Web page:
Lack of harmonization among stakeholders in the blockchain fintech system

There’s no good relationships between open-source engineers/cypherpunks and regulators. It’s difficult to get them to talk together. It’s a reality. Some people think regulators are enemies. Regulators have difficulty understanding what open-source engineers think. There’s a lack of transparency. We regulators are ready to engage and communicate with other stakeholders. There’s no such praise for this yet. We need to solve this, and help figure out coordination, solve misunderstandings, and figure out blockers for innovation.

Sometimes the engineers feel that regulators try to stop everything, but we’re not doing so. The regulators sometimes think we need to put all the engineers on these issues in jail, but that’s not the case either. There’s a lot of misunderstandings that we need to resolve.

Sometimes countries impose sanctions. This might encourage engineers to invest more in anonymization, and then speak with regulators even less. The long-term goal should be to develop a healthy governance for a blockchain-based financial system.

The blockchain-based financial system

This picture might be idealistic but, we need to realize not just regulation but also code and market and nodes as a way to view this ecosystem. There’s regulators, engineers, rule of law, code as law, market forces, and consumers. We need to come up with a better system together. In a few years, what we should do—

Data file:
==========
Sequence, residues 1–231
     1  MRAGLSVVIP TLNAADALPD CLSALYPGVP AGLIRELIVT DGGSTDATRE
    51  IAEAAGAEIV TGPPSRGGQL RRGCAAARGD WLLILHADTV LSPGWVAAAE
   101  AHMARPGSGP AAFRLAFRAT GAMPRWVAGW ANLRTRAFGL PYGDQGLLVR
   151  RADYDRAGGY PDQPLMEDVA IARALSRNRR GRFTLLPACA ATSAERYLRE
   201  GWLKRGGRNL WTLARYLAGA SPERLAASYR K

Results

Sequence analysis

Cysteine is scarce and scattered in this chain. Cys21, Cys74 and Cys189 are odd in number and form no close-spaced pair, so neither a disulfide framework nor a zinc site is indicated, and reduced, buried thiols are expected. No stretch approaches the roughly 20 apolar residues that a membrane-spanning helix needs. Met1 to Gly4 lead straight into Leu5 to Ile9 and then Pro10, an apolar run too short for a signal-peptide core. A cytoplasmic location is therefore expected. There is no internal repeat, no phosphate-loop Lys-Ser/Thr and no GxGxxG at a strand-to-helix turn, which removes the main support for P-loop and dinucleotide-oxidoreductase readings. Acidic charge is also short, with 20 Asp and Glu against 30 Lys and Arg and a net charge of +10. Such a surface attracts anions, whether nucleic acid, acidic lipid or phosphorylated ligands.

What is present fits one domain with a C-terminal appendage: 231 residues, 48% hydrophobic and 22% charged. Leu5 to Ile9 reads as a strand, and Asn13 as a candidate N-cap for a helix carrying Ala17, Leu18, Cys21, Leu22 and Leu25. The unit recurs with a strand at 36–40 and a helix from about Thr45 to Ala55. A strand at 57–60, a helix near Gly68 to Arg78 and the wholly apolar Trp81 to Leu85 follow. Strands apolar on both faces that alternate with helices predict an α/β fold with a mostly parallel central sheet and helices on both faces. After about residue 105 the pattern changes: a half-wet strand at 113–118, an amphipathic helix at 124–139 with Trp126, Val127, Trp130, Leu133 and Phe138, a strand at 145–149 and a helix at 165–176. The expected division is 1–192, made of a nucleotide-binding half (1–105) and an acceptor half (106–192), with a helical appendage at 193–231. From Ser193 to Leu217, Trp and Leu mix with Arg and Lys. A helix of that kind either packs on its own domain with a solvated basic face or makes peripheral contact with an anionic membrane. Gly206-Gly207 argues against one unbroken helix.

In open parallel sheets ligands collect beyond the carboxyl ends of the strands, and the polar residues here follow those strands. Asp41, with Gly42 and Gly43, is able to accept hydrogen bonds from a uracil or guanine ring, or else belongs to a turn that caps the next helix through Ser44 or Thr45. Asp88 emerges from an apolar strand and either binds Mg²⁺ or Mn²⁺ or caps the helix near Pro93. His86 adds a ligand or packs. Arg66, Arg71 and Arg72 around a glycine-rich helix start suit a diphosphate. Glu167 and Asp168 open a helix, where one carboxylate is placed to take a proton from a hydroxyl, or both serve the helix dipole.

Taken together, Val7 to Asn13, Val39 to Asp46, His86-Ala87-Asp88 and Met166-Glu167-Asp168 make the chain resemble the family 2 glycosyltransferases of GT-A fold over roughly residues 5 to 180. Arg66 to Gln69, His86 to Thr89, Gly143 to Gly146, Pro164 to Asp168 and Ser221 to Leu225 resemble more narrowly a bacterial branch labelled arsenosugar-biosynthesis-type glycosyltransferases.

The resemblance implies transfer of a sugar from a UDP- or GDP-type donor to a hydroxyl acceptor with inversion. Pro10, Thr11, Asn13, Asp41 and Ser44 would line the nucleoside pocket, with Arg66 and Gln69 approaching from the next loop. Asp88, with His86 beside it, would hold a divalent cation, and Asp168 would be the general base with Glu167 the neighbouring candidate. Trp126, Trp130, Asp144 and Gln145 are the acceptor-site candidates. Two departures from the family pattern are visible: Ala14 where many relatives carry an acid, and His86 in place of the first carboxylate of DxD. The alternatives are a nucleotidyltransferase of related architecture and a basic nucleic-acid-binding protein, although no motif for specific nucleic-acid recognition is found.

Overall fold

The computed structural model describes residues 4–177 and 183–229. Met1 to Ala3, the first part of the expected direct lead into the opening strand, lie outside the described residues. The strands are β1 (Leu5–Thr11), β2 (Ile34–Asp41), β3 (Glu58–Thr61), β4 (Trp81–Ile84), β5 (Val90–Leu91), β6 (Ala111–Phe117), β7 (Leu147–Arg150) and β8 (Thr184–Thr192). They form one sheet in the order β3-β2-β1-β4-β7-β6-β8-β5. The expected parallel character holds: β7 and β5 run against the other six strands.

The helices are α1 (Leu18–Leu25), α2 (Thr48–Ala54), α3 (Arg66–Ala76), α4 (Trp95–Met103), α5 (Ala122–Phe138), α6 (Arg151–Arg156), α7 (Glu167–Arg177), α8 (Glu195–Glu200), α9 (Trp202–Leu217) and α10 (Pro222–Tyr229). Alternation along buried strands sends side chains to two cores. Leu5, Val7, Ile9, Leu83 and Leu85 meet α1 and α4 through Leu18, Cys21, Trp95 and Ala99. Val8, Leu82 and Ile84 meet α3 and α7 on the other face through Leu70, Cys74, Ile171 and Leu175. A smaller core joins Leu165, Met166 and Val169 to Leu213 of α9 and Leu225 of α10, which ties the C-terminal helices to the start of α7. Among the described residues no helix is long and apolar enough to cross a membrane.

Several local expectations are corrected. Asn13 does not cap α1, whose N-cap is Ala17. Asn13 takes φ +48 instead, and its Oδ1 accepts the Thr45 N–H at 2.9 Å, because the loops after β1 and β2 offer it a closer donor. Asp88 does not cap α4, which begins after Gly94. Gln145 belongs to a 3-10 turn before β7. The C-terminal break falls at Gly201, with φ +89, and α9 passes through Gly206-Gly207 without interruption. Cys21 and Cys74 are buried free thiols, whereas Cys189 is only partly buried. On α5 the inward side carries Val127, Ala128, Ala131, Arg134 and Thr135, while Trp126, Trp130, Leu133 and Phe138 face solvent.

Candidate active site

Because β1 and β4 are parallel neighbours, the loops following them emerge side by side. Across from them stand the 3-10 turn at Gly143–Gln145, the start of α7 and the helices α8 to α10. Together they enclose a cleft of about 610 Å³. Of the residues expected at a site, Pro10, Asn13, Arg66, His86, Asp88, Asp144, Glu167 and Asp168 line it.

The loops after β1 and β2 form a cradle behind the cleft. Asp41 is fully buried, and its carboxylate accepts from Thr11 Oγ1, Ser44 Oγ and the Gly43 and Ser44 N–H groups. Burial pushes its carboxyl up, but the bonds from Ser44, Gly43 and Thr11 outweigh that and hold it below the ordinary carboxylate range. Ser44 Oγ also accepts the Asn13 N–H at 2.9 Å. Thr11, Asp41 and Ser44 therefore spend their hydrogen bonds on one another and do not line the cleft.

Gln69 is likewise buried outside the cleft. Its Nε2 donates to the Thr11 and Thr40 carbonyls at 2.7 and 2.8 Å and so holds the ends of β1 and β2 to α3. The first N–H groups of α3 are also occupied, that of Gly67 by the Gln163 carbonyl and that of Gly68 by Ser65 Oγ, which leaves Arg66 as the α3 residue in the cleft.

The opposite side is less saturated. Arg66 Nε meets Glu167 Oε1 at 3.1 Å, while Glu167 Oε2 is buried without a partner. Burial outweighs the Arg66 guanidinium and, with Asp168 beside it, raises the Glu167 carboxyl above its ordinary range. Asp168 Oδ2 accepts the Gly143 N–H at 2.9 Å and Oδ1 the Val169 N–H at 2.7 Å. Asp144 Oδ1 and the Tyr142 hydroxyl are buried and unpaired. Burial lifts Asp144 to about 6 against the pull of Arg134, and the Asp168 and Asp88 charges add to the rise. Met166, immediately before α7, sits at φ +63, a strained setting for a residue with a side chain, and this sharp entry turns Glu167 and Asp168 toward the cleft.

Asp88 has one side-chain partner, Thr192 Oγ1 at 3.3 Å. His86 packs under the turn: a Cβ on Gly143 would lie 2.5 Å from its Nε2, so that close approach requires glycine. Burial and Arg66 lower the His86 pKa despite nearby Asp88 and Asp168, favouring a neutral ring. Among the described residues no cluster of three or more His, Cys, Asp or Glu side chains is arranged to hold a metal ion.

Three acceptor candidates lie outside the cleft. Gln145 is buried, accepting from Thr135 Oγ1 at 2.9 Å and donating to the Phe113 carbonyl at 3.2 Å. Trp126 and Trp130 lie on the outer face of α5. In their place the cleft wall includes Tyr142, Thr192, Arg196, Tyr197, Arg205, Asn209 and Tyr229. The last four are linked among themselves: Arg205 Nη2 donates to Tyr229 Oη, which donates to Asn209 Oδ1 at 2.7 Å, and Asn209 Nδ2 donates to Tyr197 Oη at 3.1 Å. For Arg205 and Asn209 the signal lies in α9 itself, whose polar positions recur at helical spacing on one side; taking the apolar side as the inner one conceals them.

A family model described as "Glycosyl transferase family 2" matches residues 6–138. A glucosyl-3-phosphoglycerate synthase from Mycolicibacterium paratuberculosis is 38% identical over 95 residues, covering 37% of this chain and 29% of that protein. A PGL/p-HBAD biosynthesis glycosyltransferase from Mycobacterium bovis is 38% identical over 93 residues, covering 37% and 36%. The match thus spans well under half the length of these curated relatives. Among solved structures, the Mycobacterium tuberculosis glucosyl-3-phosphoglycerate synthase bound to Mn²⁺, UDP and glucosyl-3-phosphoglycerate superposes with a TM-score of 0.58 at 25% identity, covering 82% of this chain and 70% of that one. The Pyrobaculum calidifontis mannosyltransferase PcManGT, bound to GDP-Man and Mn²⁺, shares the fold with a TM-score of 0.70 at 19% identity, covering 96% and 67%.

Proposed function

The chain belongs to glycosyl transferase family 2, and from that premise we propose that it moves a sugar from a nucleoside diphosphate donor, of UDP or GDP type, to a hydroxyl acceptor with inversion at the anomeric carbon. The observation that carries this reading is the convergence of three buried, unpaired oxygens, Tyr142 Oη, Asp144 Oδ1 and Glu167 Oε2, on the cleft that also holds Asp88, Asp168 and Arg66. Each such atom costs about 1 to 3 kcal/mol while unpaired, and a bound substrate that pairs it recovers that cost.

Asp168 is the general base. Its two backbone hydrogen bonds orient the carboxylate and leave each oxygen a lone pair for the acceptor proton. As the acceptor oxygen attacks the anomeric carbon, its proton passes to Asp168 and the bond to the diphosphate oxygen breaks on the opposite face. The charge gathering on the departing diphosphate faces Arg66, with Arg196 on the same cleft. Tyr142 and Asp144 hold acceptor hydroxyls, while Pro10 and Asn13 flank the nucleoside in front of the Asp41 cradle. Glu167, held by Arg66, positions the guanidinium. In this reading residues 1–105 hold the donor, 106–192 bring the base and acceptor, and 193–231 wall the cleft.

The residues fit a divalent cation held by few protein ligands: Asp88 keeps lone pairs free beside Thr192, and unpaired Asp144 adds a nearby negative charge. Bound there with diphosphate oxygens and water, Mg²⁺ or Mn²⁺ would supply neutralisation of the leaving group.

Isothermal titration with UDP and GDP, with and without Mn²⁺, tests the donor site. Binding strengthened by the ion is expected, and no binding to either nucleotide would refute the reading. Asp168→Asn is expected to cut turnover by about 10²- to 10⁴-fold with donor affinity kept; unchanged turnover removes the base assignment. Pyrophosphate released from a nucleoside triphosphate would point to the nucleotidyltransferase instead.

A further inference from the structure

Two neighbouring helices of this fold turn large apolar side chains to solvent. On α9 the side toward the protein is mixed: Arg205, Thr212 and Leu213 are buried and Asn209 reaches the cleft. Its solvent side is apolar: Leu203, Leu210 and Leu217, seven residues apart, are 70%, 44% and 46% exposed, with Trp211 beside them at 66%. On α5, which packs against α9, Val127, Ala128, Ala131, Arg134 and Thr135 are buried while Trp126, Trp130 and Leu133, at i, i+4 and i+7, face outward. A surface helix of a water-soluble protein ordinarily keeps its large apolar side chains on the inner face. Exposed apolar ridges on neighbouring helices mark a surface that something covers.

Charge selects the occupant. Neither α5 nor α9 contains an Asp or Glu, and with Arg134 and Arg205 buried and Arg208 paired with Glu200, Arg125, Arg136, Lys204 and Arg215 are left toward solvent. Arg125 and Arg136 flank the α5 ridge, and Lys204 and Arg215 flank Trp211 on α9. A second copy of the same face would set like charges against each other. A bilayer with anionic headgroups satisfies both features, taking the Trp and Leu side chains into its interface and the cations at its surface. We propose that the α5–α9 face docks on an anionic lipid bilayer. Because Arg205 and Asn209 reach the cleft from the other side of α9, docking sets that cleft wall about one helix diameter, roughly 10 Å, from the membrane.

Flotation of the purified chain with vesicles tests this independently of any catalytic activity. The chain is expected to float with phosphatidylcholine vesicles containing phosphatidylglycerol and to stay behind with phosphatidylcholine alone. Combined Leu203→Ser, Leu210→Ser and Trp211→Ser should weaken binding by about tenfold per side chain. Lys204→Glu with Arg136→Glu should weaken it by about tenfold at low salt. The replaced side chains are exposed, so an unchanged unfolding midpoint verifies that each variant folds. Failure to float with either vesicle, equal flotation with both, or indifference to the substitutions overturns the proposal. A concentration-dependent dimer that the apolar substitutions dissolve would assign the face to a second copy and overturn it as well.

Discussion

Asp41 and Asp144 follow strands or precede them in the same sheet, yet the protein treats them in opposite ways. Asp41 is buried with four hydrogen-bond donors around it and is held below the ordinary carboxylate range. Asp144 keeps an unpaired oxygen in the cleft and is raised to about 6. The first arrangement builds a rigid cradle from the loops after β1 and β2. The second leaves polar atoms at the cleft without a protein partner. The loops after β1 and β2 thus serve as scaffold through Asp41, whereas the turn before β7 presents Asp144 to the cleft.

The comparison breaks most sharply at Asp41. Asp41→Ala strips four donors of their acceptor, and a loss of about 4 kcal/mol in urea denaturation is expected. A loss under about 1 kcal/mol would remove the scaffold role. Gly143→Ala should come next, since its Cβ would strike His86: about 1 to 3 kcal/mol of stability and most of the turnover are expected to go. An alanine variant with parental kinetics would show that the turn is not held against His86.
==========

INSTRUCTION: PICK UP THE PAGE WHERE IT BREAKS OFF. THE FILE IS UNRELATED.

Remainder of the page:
We will host the next conference in Spring and invite all the different stakeholders from engineers and stakeholders to discuss how we can proceed with this effort. Also, we hope we will make this kind of dialogue work and be effective. We hope that this can be hosted regulary to enhance communication among stakeholders.

questions

Q: Which bitcoin developers are really reviewing any of the technical work at these regulated companies? I see no indication that these reviews are particularly thorough on the tech side. This has major implications for financial system stability. Is this the same in Japan or are things more thorough?

A: We have 3 defined groups within the Japanese FSA. We have one, then a regulatory side, then the promoter side of innovation. Within the promoter side, we often discuss with engineers in this space. In this team, we understand many technology initiatives, but at the same time, we have difficulties educating regulators and exchange knowledge. I think other regulators have similar challenges. Dedicated teams to understand technology is hard.